Heat conduction in different materials

Observe the varying speed of heat conduction in metal, plastic and wood.
Science content
Physics: Heat (3)
  • coffee cup
  • strips of the same size, about 15cm by 2cm, and the same thickness made from different materials e.g. aluminium metal, plastic and wood (cut from hardware store-purchased aluminium sheet, plastic place mat and large popsicle stick)
  • pennies, one per strip
  • vaseline
  • kettle for boiling water

Prepare the strips for the activity:
Add a small smear of vaseline to the end of each strip. Make sure you use the same amount each time and add it in the same spot. (Using an applicator, such as a coffee stir stick, will help to make the amounts more consistent - see photo.)
Push a penny into the vaseline on each strip.

Each student group can have a set of strips with pennies, and a coffee cup.

Add just-boiled water to the coffee cup, then simultaneously add a metal, plastic and wooden stick to the water with the pennies pointing upwards. Make sure they are sloped outwards by the same degree, so that this is not a variable in the penny falling off. (Penny has just fallen off the aluminium strip in the first photo.) For most students, it is best if the teacher does this step, to make it as fast and consistent as possible.

Students record on worksheet (see attachment) which penny falls off first, second and third. Some pennies may stay stuck for longer than you want to run the activity, but make sure at least one has fallen off before stopping.

Metal strips are expected to release the penny first, but some experiments may differ. Plastic and wood release the penny later.
Record the class results, to find out what happens most of the time.

Discuss the mechanism:
Heat moves up the strip by conduction. Once the heat energy reaches the vaseline it melts it and causes the penny to fall off. The different materials conduct heat at different rates: metals conduct heat the fastest, wood and plastic much slower.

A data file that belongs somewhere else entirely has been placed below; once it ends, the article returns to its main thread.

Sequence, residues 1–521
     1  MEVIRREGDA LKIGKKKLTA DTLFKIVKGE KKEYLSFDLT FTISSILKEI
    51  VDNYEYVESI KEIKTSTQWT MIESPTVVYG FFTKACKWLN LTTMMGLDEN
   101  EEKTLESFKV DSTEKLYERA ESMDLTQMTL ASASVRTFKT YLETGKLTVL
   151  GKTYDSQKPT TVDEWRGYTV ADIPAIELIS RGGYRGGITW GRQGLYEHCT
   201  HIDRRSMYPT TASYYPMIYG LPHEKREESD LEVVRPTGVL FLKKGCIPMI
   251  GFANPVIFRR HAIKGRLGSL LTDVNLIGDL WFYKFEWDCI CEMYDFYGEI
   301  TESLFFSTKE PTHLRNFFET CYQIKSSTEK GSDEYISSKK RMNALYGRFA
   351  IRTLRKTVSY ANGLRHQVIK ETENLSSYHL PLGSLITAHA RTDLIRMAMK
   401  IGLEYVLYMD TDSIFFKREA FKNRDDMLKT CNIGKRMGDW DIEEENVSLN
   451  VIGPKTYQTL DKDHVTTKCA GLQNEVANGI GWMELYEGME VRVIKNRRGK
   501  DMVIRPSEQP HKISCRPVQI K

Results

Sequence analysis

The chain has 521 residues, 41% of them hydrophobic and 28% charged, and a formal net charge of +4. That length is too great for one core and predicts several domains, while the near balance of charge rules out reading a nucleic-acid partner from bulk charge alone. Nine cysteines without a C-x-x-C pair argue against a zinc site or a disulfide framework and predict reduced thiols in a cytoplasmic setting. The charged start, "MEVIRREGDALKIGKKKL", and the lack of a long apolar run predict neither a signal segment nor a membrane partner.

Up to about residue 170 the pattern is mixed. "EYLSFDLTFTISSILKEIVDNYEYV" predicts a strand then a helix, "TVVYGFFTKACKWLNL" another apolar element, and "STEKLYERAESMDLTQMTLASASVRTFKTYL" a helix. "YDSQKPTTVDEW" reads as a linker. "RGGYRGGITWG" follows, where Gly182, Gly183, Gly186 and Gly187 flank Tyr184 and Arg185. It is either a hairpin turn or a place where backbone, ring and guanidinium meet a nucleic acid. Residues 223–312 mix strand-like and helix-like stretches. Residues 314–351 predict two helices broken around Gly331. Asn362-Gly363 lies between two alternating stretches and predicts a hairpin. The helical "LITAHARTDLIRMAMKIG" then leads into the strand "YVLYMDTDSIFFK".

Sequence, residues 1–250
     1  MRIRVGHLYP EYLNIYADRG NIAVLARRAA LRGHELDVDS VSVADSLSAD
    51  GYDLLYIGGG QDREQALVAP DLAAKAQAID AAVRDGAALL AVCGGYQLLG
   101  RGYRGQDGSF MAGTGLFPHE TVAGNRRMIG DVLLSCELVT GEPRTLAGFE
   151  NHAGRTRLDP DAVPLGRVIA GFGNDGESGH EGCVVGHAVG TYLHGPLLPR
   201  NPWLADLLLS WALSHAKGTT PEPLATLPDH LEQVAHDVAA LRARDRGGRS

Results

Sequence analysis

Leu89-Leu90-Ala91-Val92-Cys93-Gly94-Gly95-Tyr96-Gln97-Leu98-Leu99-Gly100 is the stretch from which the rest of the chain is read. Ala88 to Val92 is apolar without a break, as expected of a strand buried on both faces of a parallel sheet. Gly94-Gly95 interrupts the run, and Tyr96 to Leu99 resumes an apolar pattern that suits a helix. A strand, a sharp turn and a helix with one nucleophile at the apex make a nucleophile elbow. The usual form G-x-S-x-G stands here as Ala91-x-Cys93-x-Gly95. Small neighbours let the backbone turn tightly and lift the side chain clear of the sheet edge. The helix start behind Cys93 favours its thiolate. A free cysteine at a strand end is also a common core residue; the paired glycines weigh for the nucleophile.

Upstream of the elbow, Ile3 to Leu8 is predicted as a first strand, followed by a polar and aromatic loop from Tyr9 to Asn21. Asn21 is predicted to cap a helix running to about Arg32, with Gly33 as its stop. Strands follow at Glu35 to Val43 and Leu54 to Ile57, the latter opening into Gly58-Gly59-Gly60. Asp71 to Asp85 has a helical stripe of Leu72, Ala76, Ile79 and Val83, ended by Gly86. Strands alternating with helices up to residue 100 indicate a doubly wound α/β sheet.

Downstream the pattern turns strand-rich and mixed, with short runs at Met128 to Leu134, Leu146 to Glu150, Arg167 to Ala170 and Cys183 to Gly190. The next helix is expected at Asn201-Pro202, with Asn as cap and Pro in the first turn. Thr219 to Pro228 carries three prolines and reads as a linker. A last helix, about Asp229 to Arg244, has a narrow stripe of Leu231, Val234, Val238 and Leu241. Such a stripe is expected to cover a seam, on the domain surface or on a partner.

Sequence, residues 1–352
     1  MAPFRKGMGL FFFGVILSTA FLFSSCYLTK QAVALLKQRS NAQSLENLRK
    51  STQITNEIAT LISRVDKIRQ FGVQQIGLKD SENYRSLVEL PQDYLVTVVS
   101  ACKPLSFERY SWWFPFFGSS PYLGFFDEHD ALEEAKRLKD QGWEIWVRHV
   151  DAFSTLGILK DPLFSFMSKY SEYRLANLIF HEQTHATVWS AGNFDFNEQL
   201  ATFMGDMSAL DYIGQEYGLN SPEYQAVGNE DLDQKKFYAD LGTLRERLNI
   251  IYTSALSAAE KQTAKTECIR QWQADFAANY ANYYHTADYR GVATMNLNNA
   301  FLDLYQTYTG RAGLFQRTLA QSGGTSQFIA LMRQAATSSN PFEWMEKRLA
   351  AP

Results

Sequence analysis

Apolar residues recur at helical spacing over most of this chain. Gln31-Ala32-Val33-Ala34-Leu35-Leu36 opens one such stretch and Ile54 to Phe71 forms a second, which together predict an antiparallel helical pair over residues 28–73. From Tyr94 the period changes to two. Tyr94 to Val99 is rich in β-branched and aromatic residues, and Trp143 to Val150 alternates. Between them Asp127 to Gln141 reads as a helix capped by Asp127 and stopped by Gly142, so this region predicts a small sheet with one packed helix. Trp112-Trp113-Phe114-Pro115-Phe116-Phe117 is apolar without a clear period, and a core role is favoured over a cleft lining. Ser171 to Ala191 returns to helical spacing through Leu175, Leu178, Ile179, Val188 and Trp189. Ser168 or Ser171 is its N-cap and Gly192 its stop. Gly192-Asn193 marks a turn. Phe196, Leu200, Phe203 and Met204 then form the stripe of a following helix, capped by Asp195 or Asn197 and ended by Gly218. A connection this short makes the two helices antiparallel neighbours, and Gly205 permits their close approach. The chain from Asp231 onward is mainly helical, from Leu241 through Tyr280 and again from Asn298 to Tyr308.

Discuss the molecular mechanism with older students:
The molecules of the water are moving around fast. As they bump into the end of the strip that is immersed in the water, they transfer their energy to molecules in the strip, which also start to move around faster. The molecules at the bottom of the strip bump the molecules higher up the strip and their heat energy is transferred too, so spreading the heat energy up the strip. In different materials, the molecules are more or less able to transfer heat energy to the neighbouring molecules, so the rate of heat transfer varies. When the heat energy reaches the vaseline it melts it (the molecules of the vaseline move faster as they change from solid to liquid). The melted vaseline can no longer hold onto the penny, so the penny drops.
The movement of heat when molecules transfer energy between each other by colliding with each other is called “conduction”.

Metals are better heat conductors than plastic and wood. A material that is not a good conductor is an "insulator".


With older students you might want to try 2 kinds of metals: aluminium (which is a very good conductor) and steel (which is not such a good conductor). In my testing at home this gave reproducible results, but not in the classroom (see third photo).
I would suggest running as a demonstration for grades 2/3 and below, to eliminate any variables from the students (knocking or touching).
I have found heat a tricky topic to bring to hands-on science. There seem to be a lot of variables that need to be discovered through prototyping before bringing and activity to the classroom - this activity needs more work.

Grades taught
Gr 2
Gr 3
Teaching site
Champlain Heights Annex
Oppenheimer Elementary